Management is thus, the creation and maintenance of an internal environment in an enterprise where individuals working together in groups can perform efficiently and effectively towards the attainment of group goals. In other words, management is a social interaction process involving sequence of coordinated events such as planning, organizing, controlling, supervision, budgeting and evaluation in order to use available human and material resources to achieve a desired outcome in fast and most efficient ways in the Anambra state universities, which includes the management of entrepreneurship education challenges towards ensuring that EEd objectives are achieved in the universities.
Concept of Strategic Management
Strategy is defined as the determination of the basic long-term goals of an enterprise, and the adoption of courses of action and the allocation of resources necessary for carrying out these goals (Chandler, 1962). Strategies are established to set direction, focus effort, define or clarify the organization, and provide consistency or guidance in response to the environment (Mintzberg, 1987).
Strategic management involves the formulation and implementation of the major goals and initiatives taken by a company’s top management on behalf of owners, based on consideration of resources and an assessment of the internal and external environments in which the organization competes (Nag, Hambrick, and Chen, 2007). Strategic management is therefore, concerned primarily with responses to external issues such as in understanding customers’ needs and responding to competitive forces. Porter (1996) identified three principles underlying strategic management as: creating a unique and valuable position, making trade-offs by choosing “what not to do,” and creating “fit” by aligning organizational activities to and with one another to support the chosen strategy. He added that the role of strategic management is to identify core competencies, and then assemble assets that will increase value added and provide a competitive advantage. He claimed that the types of capabilities that can do this are innovation; reputation and organizational structure. Strategic management provides overall direction to the enterprise. It entails specifying the organization’s objectives, developing policies and plans designed to achieve these objectives, and then allocating resources to implement the plans. Strategic management is not static in nature but dynamic. It includes a feedback loop which monitors execution and informs the next round of action. This study will provide a feedback to EEd policy-makers on the challenges facing EEd in universities and how to tackle them.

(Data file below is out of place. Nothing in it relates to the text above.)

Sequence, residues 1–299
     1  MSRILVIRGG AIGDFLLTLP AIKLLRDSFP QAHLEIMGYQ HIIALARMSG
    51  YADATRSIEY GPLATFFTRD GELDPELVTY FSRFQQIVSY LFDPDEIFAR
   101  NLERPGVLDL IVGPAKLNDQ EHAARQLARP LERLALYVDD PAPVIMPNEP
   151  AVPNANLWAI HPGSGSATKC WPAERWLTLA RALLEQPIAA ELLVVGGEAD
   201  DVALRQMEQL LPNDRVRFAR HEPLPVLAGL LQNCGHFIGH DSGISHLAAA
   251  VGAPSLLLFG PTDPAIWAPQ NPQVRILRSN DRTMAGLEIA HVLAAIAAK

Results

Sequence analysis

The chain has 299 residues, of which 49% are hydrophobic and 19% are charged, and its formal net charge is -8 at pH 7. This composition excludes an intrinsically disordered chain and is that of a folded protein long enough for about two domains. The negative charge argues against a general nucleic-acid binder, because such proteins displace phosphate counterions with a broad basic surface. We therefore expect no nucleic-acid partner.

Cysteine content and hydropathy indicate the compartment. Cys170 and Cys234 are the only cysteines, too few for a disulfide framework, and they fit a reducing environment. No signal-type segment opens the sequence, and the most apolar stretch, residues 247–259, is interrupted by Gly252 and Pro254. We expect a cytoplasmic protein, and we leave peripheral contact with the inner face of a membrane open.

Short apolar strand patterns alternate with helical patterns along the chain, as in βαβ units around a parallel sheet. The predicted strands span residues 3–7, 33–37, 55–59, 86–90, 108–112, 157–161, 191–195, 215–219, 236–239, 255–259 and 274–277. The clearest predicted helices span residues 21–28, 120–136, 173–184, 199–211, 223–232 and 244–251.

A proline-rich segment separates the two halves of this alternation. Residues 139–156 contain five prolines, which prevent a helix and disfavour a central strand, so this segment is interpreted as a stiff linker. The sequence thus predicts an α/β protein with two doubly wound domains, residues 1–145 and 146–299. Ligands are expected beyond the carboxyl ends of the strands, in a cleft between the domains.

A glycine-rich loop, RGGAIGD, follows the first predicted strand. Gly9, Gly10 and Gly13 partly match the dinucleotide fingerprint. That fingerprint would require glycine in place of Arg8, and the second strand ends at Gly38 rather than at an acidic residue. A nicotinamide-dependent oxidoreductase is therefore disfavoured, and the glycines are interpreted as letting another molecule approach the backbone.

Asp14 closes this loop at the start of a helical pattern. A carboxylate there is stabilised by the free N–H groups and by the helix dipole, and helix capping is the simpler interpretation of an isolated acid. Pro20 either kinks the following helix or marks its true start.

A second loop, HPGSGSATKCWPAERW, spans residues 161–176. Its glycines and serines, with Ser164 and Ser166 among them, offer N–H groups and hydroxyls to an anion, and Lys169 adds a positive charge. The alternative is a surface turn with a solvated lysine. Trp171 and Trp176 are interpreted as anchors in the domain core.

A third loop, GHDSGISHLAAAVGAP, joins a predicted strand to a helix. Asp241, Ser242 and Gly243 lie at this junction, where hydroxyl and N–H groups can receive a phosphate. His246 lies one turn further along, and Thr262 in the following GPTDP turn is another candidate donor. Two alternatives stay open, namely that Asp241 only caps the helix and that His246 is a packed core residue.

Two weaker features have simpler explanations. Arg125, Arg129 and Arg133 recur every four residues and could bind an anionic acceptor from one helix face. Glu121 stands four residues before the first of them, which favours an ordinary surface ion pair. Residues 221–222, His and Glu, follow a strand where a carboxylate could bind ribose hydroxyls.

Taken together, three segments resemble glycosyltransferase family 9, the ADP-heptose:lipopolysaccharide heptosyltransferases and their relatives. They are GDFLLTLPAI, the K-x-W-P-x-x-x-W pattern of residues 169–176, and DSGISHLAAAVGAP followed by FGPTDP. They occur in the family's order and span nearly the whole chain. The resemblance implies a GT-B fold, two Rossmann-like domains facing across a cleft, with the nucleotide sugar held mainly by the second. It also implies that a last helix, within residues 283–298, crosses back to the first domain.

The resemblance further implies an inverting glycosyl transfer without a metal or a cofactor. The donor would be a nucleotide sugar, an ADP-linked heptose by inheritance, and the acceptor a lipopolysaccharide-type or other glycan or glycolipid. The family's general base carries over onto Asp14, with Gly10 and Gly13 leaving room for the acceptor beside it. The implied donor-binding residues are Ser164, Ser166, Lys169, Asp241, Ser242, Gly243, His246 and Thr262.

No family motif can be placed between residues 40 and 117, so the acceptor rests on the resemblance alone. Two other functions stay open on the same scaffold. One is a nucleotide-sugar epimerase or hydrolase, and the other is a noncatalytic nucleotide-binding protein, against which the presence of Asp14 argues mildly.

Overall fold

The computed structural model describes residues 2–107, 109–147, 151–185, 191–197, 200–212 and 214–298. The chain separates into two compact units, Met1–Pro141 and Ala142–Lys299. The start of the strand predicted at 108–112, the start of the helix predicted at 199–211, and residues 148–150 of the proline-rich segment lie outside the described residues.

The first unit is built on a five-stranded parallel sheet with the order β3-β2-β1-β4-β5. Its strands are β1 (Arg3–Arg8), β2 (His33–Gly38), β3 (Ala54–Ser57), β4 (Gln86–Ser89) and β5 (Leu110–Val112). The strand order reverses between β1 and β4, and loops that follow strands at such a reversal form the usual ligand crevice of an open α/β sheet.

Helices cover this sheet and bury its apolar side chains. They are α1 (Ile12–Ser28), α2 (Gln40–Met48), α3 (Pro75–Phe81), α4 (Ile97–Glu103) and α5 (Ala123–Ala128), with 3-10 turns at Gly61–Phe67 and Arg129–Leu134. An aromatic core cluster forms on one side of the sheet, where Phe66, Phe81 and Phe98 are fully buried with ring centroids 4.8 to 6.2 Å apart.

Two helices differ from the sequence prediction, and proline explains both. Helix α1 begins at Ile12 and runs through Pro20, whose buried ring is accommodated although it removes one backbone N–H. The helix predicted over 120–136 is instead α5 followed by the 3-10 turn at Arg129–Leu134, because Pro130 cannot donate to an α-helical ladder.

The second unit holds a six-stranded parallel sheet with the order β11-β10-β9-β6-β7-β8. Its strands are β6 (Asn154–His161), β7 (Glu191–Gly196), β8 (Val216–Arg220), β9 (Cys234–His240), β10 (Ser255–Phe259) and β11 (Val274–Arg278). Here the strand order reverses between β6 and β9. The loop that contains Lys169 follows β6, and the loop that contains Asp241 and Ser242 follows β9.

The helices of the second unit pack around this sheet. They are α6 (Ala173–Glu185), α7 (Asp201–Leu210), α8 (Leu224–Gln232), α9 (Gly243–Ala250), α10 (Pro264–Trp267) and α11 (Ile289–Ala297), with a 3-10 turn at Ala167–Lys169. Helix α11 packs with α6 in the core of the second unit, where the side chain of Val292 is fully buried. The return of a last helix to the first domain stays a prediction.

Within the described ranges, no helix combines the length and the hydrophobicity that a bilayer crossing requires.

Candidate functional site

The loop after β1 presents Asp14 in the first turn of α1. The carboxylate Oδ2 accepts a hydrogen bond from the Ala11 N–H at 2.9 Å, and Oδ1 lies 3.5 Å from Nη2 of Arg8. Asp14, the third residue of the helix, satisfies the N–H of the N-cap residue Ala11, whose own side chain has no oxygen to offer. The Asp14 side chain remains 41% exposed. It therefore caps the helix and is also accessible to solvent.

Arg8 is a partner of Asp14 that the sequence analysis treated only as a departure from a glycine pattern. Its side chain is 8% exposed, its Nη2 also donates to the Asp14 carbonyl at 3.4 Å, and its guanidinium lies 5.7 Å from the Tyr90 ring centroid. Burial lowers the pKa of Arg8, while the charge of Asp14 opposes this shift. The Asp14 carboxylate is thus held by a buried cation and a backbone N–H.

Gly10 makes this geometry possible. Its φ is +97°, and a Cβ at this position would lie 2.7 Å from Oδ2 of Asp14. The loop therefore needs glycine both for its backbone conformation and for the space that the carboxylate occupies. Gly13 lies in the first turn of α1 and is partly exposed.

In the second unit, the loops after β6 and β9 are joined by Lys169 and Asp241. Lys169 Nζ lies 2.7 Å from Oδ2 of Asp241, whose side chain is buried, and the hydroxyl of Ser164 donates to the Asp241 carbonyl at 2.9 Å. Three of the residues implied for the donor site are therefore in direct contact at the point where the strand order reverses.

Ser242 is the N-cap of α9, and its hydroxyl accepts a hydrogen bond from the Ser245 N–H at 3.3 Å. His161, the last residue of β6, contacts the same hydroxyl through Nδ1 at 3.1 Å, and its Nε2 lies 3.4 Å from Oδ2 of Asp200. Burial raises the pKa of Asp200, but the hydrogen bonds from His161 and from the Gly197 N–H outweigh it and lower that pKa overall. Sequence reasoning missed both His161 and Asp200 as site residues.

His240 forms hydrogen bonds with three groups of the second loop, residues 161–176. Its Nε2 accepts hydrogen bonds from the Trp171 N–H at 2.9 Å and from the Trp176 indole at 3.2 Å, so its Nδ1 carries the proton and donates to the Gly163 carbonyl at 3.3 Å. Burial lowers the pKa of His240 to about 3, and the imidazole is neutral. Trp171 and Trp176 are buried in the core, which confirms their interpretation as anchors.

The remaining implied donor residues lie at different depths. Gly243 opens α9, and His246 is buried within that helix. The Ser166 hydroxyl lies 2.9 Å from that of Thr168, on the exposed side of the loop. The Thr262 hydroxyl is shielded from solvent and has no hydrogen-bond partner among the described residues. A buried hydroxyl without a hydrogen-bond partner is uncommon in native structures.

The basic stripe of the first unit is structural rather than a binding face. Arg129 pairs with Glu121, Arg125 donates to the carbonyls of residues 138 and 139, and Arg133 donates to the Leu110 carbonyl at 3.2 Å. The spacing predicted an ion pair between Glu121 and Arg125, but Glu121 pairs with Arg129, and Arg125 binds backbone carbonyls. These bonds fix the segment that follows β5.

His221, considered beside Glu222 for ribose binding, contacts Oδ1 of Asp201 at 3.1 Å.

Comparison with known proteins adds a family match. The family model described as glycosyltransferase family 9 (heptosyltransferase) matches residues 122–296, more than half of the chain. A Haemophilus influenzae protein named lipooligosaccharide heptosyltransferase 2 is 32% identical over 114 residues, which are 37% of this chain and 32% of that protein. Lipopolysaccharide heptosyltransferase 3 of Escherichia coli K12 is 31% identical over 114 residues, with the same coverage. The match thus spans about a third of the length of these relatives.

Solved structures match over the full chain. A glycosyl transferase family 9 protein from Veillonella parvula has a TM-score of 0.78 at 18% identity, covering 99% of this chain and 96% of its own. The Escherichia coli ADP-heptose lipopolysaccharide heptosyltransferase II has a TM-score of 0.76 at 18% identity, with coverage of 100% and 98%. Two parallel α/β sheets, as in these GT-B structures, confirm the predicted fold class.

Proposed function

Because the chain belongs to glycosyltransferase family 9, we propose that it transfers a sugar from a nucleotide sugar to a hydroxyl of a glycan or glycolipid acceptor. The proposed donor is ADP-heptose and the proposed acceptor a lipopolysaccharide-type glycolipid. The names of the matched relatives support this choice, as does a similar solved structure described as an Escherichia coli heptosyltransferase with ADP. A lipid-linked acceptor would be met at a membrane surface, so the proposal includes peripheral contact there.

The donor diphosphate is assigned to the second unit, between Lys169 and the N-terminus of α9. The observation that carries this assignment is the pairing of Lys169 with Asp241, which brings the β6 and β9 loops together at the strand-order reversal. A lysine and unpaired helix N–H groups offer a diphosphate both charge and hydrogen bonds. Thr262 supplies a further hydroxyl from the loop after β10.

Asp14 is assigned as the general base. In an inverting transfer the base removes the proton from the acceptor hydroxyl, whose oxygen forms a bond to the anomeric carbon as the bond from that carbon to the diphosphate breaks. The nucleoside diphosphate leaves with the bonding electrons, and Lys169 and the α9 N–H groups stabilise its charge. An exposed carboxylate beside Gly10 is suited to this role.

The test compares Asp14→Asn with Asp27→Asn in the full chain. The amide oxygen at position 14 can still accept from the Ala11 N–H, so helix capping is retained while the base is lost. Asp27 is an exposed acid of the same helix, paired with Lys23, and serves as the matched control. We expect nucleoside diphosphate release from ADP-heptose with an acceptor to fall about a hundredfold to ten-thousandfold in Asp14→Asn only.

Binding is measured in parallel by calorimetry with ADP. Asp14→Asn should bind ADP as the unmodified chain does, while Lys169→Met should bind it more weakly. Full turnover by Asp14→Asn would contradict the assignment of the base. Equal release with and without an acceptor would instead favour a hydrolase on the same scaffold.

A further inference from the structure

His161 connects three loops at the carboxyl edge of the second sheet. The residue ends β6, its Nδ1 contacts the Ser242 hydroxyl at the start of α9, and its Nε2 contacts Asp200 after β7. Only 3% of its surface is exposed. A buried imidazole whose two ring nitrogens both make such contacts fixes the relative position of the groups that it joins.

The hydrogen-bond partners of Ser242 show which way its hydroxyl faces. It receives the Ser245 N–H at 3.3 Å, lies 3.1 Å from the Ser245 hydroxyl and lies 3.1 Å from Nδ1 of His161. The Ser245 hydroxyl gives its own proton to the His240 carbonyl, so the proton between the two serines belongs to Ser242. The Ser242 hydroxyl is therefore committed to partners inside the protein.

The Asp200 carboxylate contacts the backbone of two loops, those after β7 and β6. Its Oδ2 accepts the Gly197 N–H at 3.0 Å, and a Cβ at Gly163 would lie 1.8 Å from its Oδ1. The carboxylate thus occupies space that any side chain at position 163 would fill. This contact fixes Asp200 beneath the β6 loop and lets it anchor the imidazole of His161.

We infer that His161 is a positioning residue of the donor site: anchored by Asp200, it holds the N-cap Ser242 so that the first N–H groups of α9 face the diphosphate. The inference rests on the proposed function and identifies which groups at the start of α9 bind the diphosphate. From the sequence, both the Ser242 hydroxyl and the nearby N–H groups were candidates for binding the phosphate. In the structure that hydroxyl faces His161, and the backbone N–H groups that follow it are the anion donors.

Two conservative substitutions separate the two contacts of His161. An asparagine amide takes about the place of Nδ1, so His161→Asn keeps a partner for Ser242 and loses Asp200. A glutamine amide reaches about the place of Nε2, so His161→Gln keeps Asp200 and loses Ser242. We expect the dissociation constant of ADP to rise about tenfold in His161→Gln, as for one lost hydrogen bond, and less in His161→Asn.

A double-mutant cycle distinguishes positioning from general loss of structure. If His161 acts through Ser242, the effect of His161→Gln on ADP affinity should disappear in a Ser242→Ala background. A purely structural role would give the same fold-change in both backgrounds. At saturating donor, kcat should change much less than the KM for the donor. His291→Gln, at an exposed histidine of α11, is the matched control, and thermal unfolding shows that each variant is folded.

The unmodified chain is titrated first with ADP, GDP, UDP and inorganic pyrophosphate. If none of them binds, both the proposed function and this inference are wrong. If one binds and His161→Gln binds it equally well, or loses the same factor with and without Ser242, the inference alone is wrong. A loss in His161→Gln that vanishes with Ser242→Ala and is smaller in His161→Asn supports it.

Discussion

Historically, strategic management started as far back as the 1970s, when a study (i.e. Profit Impact of Marketing Strategies, PIMS) was carried out to understand the effect of market shares on management of the organization. This effort was complimented with the establishment of the Strategic Planning Institute in the late 1970s. The activities of Packard and Hewlett also added substance to the development of strategic management. This is because, for Gary (2002), they devised an active management style known as “Management by Walking Around’ (MBWA). By this approach, managers spent most of their days visiting employees, customers, and suppliers. This direct contact with key people provided them with a solid ground from which viable strategies could be crafted. One of the most influential strategists of the decade was Porter who introduced many new concepts including SWOT analysis. SWOT analysis shows how a firm can use the forces to obtain a sustainable competitive advantage.
Several scholars of management later acknowledged the importance and significance of SWOT. For instance, Lugman (2011) also agreed that SWOT analysis provides the foundation for realization of desired goals and can be leveraged to realize new opportunities. Available literature also indicates that SWOT analysis is an efficient tool for strategic management purposes as its methodology is pervasive due to its simplicity. Stoner, Freeman and Gilbert (2005) applied SWOT analysis in their study on the application of strategy selection of agricultural mechanization and observed that it is very suitable for realization of maximum strengths.